The similarity of estimates for people with OA and with autonomy at work and people without OA and autonomy at work highlight the importance of work factors for staying healthy and in work and suggest that targeting factors in the broader biopsychosocial model can lead to improvements in work outcomes for people with health problems. Having autonomy and support at work were associated; approximately a fifth of workers reported having either support or autonomy at work, but not both support and autonomy or neither.

Sensitivity analyses indicated that aHRR results were robust to the use of a simplified 3-state HWLE model compared to the full 5-state model previously published11,25. The higher HWLE estimates resulting from alternative ADL-based health operationalisation despite higher age HRR for transition the from healthy and working to unhealthy and/or not working (transition 1–2) and similar age HRRs for other transitions is likely to reflect different proportions of the population classed as a healthy at age 50. Estimates of HWLE were similar to the main results (analysed using imputed data) in the complete case sensitivity analysis.

Retirement age reforms are widespread across the globe with or without linkage to life expectancy. As health, employment, and policy factors vary across national contexts, the numerical point estimates from this study may not apply in different settings. However, the direction, significance and potential size of the gap in HWLE associated with health, demographic, lifestyle and workplace factors indicate that these can be considered as potential targets for interventions to extend working lives in the UK and elsewhere.

The plateauing of life expectancy for the UK overall is the average of the changes observed in the constituent countries and the local areas within them. At the local authority level, 13.5% of male and female subpopulations experienced life expectancy increases from 2011–13 to 2017–19; other groups saw little change with around a third being non-statistically significantly lower in 2017–19 compared to 2011–13. The most recent estimates of life expectancy, including data from 2020 when mortality rates were impacted by the coronavirus (COVID-19) pandemic, show statistically significantly lower life expectancies in around 5% of local area subpopulations compared to 2011–1372. Overall, from 2011 to 2020, life expectancy increased in the South West, South East, London, and in males in Northern Ireland72. Most other regions of the UK have seen decreases in more recent years (especially for men in the North East, North West, and Yorkshire and The Humber)72. Projected life expectancy in the UK at birth, at age 50, and at age 65 in the year 2030 published by UK’s Office for National Statistics have been down-revised with each new release since 201216. These projections of the average amount of time males and females are expected to live from birth, age 50, and age 65 in 2030 have all decreased by over two years since the same projections were estimated using 2012-based data16. Widening inequalities, stalling gains, and slow projected increases in life expectancy point to the need for interventions to improve access to extended healthy working lives to keep up with the rising State Pension age. The existence of inequalities is evidence of drivers of positive and negative outcomes; understanding HWLE differences is a step towards interventions to improve access and reduce inequalities in healthy work.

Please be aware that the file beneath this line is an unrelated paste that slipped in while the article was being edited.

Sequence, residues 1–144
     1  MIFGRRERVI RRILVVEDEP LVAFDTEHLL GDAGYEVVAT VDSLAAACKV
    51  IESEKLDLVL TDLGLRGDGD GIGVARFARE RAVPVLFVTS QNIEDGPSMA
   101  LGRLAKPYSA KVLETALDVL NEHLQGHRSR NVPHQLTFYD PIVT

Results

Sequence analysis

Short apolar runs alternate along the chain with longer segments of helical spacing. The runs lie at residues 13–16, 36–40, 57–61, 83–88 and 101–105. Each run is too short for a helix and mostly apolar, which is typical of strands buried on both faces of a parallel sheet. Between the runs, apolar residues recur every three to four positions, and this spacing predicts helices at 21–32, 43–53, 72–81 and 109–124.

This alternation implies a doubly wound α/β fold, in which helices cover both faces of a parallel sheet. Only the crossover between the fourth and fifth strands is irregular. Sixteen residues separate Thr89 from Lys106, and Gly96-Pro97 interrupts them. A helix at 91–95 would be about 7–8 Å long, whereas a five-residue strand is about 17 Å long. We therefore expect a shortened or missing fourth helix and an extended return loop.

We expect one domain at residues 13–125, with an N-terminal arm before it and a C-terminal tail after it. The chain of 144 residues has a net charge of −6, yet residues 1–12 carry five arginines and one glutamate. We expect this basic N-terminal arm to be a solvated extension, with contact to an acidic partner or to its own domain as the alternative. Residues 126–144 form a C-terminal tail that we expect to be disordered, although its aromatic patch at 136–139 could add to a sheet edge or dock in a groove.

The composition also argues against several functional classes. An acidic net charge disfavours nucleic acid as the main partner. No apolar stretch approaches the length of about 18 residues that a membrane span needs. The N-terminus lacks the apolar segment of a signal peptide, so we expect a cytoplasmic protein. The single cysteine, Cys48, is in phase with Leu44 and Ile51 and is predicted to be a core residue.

Strengths and limitations

This study used longitudinal, nationally representative survey data to quantify the contribution of the factors investigated to population HWLE. This study is among the first to apply the ‘msm’ and ‘elect’ R packages together with multiple imputation to estimate hazard rate ratios and associated health/life expectancies62. Use of multiple imputation lowered the risk of bias linked to differential non-response. This work makes a methodological contribution on the number and nature of covariates that may feasibly be analysed together using this approach. Smaller differences between subpopulations were observed in this study than were identified previously using the IMaCh approach11,25, which is considered to be methodologically sound but has restrictively high data requirements73,74.

Age-adjusted HRR confidence intervals for transitions to death for factors OA and mental health—particularly from the healthy working state—were very wide as individuals may more commonly transition to the unhealthy and/or not working state before the end of their life and not directly to death. This uncertainty around risk of death is unlikely to bias HWLE results as death rates are low in these ages. Other studies have demonstrated an association between OA and increased risk of death, which was not detected in this study, possibly due to improved management of comorbidities among healthy workers with OA75,76 and possibly linked to the multistate model specification (designed to investigate HWLE primarily) creating lower sample sizes in study aspects giving information on risks of death.